The SPL Transient Designer 2 (£355) is a single-channel unit that offers the basic impulse shaping of the Nvelope, but lacks the EQ controls and flexible reconfigurability of the dual-channel unit.
It was easy to create those big, phat beats so beloved of hip-hop producers, then transform the sound into the short, muted tones that work so well in drum and bass. It wasn’t all about wildly affecting the original sound, though (although it was fun!), and we were able to subtly but usefully fine-tune our original kit sound by sharpening the leading edges while adding some body and bringing out the room ambience.
We were also able to rescue a double-tracked electric guitar part that might otherwise have had to be re-recorded. The part was a chiming riff that the guitarist had played with a 10p coin instead of a plectrum. The metallic attack of each pluck masked the ringing body of the note.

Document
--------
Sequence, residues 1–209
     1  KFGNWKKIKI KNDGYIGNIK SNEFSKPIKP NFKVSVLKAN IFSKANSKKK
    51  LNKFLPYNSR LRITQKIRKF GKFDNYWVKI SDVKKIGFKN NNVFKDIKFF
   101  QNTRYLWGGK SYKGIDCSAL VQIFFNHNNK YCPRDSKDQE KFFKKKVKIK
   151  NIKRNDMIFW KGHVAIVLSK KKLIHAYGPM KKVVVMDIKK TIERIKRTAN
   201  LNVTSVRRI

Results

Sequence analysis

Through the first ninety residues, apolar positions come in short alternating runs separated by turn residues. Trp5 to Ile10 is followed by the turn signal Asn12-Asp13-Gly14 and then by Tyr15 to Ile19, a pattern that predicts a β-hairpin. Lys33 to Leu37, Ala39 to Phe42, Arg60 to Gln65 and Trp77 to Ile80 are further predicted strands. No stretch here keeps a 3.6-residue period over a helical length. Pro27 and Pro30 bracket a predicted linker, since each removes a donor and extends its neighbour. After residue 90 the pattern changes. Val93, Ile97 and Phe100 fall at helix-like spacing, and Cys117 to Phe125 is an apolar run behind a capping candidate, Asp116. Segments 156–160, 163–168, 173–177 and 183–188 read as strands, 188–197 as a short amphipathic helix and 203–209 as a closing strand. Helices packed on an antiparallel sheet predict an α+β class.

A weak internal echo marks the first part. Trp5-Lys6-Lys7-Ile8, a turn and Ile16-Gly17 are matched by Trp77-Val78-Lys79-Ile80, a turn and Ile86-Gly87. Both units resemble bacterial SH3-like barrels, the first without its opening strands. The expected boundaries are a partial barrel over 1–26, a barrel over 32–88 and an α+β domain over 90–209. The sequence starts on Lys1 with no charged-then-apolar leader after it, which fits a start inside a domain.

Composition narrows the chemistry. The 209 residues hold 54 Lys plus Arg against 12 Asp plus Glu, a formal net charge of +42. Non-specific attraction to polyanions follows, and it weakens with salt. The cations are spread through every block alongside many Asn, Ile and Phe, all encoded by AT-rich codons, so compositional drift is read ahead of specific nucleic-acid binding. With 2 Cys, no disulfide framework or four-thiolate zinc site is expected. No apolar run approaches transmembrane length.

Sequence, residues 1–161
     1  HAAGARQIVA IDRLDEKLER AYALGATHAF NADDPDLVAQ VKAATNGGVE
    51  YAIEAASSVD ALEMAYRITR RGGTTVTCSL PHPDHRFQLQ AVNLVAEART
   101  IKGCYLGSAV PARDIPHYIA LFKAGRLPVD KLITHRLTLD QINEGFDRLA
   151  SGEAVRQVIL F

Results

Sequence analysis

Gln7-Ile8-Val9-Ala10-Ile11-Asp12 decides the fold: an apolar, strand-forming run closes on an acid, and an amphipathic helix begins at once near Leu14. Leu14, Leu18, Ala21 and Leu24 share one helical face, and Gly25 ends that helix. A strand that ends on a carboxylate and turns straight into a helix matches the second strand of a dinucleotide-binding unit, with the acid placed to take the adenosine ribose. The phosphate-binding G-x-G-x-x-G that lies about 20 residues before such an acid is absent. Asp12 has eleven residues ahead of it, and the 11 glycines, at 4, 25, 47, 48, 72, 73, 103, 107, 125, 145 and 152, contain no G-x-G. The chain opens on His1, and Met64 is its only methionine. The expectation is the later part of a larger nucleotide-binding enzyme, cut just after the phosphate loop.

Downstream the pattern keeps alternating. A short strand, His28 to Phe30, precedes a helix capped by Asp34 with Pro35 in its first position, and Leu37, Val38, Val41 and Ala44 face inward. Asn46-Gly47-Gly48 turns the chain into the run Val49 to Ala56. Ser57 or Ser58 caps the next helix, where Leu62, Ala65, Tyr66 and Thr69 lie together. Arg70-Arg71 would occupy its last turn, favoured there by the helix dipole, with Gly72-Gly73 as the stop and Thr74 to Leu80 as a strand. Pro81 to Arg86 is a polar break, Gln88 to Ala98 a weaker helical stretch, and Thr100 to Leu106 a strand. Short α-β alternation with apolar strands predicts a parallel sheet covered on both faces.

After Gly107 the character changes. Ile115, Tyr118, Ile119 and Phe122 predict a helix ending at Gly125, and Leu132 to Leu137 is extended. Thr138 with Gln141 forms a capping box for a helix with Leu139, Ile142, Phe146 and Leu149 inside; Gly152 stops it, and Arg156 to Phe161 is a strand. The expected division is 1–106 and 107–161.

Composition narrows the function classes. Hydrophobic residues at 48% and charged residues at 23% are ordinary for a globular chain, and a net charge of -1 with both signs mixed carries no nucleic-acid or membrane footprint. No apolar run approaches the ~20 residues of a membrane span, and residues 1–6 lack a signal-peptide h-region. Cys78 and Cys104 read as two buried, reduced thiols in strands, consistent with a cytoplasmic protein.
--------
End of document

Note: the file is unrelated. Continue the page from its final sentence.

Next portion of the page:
A compressor with a fast attack time might have tamed the initial transients to a certain degree, but the Nvelope sorted out the problem perfectly, restoring the sonorous chiming sound without the clangorous effect of metal on metal. Dual Band mode was employed for this piece of corrective surgery, and we made use of the Freq A control to individually shape each pass, further enhancing the stereo effect when panned hard.
There’s no denying that the Nvelope is an incredibly powerful and versatile tool. Not only can it subtly shape decently recorded material – both individual sounds and final mixes – but also rescue sub-standard recordings by altering the transient response. And with its discrete design, excellent build and modern looks, Elysia has created a product that stands out from the vast amount of ‘me too’ retro-look products that dominate the pro-audio hardware market these days. The Nvelope is an extremely useful piece of kit.
● Discrete Class A topology
● Versatile operating modes
● High grade internal components
● Solid aluminium knobs